Peter replied, “Repent and be baptized, each of you, in the name of Jesus Christ for the forgiveness of your sins, and you will receive the gift of the Holy Spirit. For the promise is for you and for your children, and for all who are far off, as many as the Lord our God will call.” With many other words he testified and strongly urged them, saying, “Be saved from this corrupt[k] generation!” So those who accepted his message were baptized, and that day about three thousand people were added to them. (Acts 2:37-41)
Let’s break down the reaction of the crowd and instructions given by Peter because it reveals a lot about what it means to ‘choose the narrow way’.
1)You CHOOSE TO LISTEN. This is where a lot of teens struggle, and I don’t just mean struggle listening on Wednesday nights. Teens have a lot of distractions in their lives and a lot of things competing for your attention. Many teens simply can’t focus for longer than a few second on any one thing because they have so many things grabbing their attention. Unfortunately, ‘being distracted’ isn’t a really good reason to risk the eternity of your soul. In the first verse of the scripture we read, it says ‘when they heard this, they were pierced to the heart’.
Have you ever seen someone during praise and worship or during a message get emotional? Ever wondered what that was all about? Often it’s about nothing more than people being touched by listening to what God is telling them. It’s a powerful experience. If you want to know what it means to truly choose Christ, you have to first be listening to his calling.
2)You CHOOSE TO REPENT. What does it mean to repent? It means you choose to acknowledge God’s standard of right and wrong. You choose to govern what you do and what you think according to God’s plan rather than your own. Peter says to ‘repent’ and to ‘be baptized’. Why be baptized? Baptism is a physical act you do to follow through with your decision to repent. Ceremonial washing is essentially what you are doing to signify the washing of sins for your soul. What does the ceremonial washing mean if you haven’t ACTUALLY repented of your sins? Is it possible that someone has been baptized and needs to be baptized again? For me, the answer was yes. I’ve essentially been baptized three times: once as an infant, once as an adult when I became a Baptist, and once when I really meant it. It’s that last part that really matters. It’s not just enough to go through the action of baptism. You must repent in order for it to actually mean anything.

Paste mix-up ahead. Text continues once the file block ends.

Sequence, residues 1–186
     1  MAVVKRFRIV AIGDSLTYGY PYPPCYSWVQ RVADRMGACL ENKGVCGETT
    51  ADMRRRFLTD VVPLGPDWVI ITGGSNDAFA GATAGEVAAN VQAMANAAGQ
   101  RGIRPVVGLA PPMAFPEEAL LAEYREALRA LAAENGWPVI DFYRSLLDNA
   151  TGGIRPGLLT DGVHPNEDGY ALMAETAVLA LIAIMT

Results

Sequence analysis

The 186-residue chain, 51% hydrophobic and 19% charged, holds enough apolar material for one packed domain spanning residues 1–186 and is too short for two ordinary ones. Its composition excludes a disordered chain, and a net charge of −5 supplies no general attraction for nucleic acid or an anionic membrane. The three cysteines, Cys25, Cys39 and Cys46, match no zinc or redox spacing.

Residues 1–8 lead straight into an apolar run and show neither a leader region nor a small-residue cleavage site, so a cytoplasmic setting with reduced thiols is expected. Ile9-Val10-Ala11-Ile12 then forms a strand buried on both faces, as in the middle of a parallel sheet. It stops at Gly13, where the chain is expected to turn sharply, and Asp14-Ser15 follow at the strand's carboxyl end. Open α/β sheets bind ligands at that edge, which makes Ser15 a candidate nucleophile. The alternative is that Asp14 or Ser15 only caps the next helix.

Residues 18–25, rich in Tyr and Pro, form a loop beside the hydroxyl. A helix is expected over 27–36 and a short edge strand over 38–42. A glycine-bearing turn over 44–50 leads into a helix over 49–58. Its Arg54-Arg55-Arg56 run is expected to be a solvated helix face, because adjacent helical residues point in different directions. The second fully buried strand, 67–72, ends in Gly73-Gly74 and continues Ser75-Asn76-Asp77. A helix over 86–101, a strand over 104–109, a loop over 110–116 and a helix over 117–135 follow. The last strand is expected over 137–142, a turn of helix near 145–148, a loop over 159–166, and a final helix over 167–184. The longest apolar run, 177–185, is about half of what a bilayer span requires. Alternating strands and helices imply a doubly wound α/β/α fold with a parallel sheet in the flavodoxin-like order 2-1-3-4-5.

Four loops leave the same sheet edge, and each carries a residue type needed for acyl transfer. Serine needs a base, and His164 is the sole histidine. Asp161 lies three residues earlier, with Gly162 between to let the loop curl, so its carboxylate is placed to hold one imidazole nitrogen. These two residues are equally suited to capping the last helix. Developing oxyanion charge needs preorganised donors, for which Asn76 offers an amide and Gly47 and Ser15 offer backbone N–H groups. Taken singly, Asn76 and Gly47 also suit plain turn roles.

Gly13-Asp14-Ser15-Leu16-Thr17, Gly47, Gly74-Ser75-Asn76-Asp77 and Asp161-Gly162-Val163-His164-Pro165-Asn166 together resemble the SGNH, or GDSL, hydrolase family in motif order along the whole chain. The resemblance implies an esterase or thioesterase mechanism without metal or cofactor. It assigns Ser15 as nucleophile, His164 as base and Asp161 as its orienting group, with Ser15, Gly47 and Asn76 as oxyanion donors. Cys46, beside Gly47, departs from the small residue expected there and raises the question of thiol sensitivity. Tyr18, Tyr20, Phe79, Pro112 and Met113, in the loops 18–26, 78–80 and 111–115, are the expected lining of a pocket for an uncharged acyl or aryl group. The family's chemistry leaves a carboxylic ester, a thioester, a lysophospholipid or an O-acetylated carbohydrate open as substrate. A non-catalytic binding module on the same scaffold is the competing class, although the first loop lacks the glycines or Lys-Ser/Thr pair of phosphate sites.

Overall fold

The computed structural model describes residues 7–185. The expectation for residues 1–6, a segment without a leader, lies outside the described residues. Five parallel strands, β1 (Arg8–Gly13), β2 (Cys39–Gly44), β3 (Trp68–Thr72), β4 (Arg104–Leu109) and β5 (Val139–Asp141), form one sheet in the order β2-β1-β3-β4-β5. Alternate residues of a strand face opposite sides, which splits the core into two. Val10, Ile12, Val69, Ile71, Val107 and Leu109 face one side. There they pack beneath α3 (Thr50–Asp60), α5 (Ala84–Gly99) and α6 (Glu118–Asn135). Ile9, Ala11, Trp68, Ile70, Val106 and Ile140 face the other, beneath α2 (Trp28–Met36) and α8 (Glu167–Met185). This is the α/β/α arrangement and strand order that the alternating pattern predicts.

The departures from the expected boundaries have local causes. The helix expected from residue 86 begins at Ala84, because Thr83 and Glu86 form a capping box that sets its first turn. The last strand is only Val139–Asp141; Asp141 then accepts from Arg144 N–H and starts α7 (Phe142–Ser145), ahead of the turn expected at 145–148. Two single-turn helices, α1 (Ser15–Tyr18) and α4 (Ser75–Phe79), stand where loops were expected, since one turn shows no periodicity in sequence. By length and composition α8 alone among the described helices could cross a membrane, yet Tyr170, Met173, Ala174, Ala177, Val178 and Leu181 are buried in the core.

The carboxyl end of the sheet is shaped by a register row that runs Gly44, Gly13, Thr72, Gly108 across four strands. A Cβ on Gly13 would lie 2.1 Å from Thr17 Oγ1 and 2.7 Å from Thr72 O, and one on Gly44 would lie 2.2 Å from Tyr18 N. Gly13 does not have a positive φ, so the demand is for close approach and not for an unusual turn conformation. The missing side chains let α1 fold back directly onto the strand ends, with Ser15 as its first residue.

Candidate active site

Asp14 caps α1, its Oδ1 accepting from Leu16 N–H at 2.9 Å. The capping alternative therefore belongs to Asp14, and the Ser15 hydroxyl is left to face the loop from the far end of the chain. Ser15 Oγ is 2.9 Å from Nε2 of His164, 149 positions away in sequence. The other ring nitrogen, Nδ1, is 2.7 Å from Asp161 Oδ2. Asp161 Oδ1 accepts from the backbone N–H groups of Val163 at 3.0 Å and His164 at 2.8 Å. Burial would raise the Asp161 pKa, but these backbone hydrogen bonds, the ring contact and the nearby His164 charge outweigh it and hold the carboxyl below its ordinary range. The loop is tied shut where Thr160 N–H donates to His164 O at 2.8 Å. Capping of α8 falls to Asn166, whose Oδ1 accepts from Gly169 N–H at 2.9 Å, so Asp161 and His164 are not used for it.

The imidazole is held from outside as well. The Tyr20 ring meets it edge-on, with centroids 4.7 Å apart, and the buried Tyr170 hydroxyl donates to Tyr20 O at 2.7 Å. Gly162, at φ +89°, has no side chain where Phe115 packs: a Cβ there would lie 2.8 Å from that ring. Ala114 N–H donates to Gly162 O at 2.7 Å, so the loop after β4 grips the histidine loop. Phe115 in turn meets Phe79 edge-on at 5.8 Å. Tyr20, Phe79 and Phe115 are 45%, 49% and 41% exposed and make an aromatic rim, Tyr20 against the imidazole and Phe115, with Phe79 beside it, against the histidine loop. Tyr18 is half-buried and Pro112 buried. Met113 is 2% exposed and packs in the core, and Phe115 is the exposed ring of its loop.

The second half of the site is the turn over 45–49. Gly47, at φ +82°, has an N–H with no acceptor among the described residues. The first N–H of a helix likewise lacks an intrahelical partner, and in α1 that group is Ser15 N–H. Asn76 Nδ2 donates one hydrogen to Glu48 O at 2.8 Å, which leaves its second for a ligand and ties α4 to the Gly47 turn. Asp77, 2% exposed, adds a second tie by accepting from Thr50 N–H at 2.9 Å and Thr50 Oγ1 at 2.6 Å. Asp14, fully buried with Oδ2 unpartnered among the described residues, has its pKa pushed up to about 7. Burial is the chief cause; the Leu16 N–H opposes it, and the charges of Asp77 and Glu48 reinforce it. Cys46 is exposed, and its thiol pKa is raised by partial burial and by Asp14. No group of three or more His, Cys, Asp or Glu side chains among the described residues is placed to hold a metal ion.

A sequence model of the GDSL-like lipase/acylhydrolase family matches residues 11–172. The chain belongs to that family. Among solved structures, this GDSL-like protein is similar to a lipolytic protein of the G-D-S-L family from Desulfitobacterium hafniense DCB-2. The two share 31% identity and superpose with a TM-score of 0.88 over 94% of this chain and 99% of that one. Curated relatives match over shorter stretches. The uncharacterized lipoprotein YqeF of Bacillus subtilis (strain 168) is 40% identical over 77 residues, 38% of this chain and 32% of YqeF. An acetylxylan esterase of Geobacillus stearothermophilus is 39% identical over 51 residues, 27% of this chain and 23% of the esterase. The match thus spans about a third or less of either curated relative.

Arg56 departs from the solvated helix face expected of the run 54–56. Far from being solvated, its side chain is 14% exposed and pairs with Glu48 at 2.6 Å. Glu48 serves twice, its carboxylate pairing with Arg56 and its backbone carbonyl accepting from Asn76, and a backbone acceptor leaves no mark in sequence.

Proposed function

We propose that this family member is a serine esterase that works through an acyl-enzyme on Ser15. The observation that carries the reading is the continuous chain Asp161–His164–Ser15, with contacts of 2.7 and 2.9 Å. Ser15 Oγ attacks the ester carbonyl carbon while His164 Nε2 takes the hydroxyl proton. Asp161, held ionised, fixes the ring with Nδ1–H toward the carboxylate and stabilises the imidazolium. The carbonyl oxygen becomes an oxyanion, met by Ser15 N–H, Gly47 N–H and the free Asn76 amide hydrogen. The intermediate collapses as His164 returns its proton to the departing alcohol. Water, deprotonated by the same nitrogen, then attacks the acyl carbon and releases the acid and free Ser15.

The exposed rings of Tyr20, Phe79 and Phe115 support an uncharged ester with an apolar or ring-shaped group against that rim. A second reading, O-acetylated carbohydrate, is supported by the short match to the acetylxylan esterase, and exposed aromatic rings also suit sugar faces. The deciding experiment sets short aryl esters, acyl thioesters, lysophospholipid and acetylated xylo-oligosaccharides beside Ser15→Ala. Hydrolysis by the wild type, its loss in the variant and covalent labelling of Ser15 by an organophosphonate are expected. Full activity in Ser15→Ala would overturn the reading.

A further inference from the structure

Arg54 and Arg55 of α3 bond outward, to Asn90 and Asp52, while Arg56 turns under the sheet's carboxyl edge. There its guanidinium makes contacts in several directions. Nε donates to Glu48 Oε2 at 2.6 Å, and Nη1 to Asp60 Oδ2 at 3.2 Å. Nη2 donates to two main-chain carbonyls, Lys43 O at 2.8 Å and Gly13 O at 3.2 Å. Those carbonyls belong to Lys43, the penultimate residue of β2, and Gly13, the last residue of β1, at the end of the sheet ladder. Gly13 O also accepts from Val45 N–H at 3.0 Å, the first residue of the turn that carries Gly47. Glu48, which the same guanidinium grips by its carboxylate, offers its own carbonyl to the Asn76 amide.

3)You CHOOSE TO LIVE DIFFERENT. The last thing it says Peter told the group was to ‘be saved from this corrupt generation’. Does anyone want to argue that our generation isn’t corrupt? We have thousands, if not millions, of people participating in rampant substance abuse, sexual confusion and perversion, lying and deception, corruption, oppression, mass violence, bullying, civil disobedience, and hundreds of other moral issues. We live in a world that is suffering from a cancer called ‘sin’ and it can not save itself. If we are living lives that make us indistinguishable from the rest of the world, what does that say about our lives? Are we truly saved? Have we truly repented? The truth is that if we are living lives along the narrow way, we will look different. We will do, think, and say things the world doesn’t understand. The world will see us and realize that we are not a part of them and by sticking out, others will see God in us.
When you look at these three bullets, they basically boil down to hearing the calling, answering with a change of heart, and answering with a change of action. This is what choosing the narrow way looks like. Now we have to turn the conversation back on us. Can we honestly say we’ve done all these things? Do we listen to God’s calling? Do we truly repent of the evil things we do? Do we live lives which set us apart from the world around us?
If not, what are we waiting for?